When people think of animals of the canine variety, most of us instinctively picture them in their common role of serving “merely” as household pets: that is, boon companions to us and our kids, if not full-fledged members of the family.
Yet thousands of years before domesticated dogs took on this role within the home, evolutionary biology had already forged a unique bond between animal and human in which the quadruped also served as helpmate and acolyte to its bipedal comrade. Such dogs (depending on their breed) boasted qualities of speed, strength, endurance, resistance to cold, proficiency in swimming, high intelligence, receptivity to commands, sharp eyesight, acute hearing, and/or superior sense of smell that allowed them to perform tasks on our behalf—but to the dog’s mutual benefit—for which people were not naturally well suited. For that reason, certain dog breeds continue to this day to work alongside us in a variety of key areas, not as pets but as collaborators.
In honor of this coming Labor Day weekend, we at Ketchum Mfg. Co. pay homage to those working dogs who do the jobs we can’t do, make our own daily work easier, and ofttimes even save our lives.
Given that their nearest cousin, the wolf (Canis lupus), is a pack hunter, it is logical to assume that the original relationship between human and domesticated dog began as a cooperative enterprise in a different kind of pack—one in which 4-footed and 2-footed beast each played an equally important role in the hunt, with the common goal of finding and killing prey and thus acquiring sustenance for both members of the pack.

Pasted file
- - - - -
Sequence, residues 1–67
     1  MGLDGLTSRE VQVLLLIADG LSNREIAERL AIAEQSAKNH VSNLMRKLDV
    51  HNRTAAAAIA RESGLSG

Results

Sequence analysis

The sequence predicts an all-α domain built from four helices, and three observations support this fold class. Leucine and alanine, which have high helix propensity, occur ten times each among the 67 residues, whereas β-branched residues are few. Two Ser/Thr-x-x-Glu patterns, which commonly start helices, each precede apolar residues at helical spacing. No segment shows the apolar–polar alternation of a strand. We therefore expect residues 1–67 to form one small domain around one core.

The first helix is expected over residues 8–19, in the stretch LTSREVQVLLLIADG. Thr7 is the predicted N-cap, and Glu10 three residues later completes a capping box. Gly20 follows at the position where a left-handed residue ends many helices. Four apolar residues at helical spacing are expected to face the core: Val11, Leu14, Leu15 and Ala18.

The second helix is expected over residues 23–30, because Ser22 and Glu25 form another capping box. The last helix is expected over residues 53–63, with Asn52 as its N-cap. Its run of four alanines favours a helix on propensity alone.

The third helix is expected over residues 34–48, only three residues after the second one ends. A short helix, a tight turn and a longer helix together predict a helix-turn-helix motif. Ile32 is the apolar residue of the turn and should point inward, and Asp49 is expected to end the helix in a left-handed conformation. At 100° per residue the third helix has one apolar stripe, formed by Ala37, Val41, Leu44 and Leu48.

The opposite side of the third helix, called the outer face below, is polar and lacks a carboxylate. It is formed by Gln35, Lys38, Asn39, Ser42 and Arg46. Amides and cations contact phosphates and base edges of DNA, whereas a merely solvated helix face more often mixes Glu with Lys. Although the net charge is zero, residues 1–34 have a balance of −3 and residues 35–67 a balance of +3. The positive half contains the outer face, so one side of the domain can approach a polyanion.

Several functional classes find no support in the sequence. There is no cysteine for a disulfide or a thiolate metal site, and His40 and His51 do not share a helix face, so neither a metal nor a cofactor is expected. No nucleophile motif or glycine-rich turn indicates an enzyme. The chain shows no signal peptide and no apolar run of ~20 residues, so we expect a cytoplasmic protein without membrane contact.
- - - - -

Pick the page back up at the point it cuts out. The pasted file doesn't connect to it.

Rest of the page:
Indeed, some of the earliest depictions of the constellation Orion (“The Hunter”) also feature his two hunting dogs, the bright stars Canis Major and Canis Minor. Both figures are commonly represented as following Orion through the sky in their quest for sidereal quarry.
It is not implausible to state that the success of Homo sapiens as a species would not have been possible without the assistance of those first wolf-like dogs that were welcomed at the hearths of prehistoric humans.
Today, various breeds of trained hounds, retrievers, pointers, terriers, and others are used by members of the hunting community to sight, stalk, flush out, run down, and retrieve whatever small or large game may be destined for the dinner table. As any thoughtful hunter nowadays will tell you, half the enjoyment of this sport derives from feeling a deep, primeval connection to a way of life dating back to the very dawn of humankind.